What is acute bronchitis?
Bronchitis is swelling and irritation in the air passages that connect the windpipe
with the lungs. With acute bronchitis you usually have a cough that produces
phlegm, and pain behind the breastbone when you breathe deeply or cough.
How does it occur?
Bronchitis often occurs with viral infections of the respiratory tract, such as colds
and flu. Bacterial infections may also cause acute bronchitis. It may occur with
childhood illnesses such as measles and whooping cough. Attacks are most
frequent during the winter and when air pollution is high. Infants, young children,
the elderly, smokers, and people with lung and heart diseases are most likely to
get acute bronchitis.
Symptoms may include:
- a deep cough that produces yellowish or greenish phlegm
- pain behind the breastbone when you breathe deeply or cough
- feeling short of breath
- sore muscles
How is it diagnosed?
Your health care provider will examine you and ask about your symptoms. You
may have tests, such as:
- a test of phlegm to look for bacteria
- chest x-ray
- blood tests.
How is it treated?
Acute bronchitis often does not require medical treatment. Resting at home and
drinking plenty of fluids to keep the mucus loose may be all you need to do to get
better in a few days. If your symptoms are severe or you have other health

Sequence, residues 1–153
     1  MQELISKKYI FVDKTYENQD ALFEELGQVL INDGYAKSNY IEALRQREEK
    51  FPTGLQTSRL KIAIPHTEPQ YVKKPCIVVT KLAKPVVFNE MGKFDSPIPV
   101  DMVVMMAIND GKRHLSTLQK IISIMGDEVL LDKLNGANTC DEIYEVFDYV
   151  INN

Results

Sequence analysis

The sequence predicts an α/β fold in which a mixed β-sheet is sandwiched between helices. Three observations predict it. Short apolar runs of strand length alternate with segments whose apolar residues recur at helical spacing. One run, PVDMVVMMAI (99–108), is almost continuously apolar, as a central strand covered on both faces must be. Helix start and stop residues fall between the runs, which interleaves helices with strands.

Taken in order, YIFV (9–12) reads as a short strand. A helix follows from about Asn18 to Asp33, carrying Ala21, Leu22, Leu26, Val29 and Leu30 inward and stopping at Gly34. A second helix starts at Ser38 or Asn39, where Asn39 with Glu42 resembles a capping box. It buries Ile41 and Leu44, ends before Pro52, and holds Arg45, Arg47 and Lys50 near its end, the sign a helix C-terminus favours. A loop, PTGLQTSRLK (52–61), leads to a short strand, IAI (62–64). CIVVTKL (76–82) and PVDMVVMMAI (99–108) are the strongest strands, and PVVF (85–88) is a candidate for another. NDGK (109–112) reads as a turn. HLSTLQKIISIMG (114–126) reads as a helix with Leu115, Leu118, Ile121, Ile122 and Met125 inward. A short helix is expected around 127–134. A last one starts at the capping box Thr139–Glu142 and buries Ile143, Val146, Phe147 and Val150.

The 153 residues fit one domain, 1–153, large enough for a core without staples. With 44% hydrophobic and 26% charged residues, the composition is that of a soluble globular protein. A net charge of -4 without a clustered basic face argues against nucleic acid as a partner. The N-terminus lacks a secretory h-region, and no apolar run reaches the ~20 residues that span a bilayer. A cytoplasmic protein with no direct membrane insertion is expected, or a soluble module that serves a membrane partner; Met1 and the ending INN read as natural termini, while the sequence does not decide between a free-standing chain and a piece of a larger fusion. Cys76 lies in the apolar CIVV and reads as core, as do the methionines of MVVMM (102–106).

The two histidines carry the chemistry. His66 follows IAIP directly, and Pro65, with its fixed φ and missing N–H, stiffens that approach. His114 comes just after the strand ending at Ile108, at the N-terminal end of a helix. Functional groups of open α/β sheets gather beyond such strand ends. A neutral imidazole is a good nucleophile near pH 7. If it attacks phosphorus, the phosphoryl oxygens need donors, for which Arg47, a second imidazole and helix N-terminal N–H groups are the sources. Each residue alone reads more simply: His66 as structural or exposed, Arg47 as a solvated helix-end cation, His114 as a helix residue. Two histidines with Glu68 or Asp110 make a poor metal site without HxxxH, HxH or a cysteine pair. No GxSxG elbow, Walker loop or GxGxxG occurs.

problems (such as heart or lung disease or diabetes), you may need to take
How long will the effects last?
Most of the time acute bronchitis clears up in a few days. Your cough may slowly
get better in 1 to 2 weeks. It may take you longer to recover if:
- You are a smoker
- You live in an area where air pollution is a problem
- You have a heart or lung disease
- You have any other continuing health problems
How can I take care of myself?
- following the full treatment your health care provider recommends
- using a vaporizer, humidifier, or steam from hot water to add moisture to the air drinking plenty of liquids
- taking cough medicine if recommended by your health care provider
- resting in bed
- taking aspirin or acetaminophen to reduce fever and relieve headache and muscle pain (no one under age 21 should take aspirin because of the risk of Reye’s syndrome)
- eating healthy meals.
Call your health care provider if:
- You have trouble breathing
- You have a fever over 101 F (38.3 C)
- You cough up blood
- You don’t feel better in 3 days
- You have any symptoms that concern you
How you can reduce the risk of getting a respiratory infection:
- Do not smoke
- Wash your hands often
- Get regular exercise
- Eat healthy foods